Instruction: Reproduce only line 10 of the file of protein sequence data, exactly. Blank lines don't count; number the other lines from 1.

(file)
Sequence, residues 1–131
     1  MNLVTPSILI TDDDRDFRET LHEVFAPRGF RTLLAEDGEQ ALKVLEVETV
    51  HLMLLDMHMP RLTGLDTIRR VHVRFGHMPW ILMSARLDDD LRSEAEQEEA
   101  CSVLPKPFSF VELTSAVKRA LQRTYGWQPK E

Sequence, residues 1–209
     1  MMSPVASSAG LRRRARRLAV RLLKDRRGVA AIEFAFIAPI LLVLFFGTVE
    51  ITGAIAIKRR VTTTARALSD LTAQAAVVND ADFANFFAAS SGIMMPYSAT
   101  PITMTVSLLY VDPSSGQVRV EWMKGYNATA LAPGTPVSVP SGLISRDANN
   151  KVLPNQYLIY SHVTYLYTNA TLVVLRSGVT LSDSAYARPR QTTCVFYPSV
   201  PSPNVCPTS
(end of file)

   201  PSPNVCPTS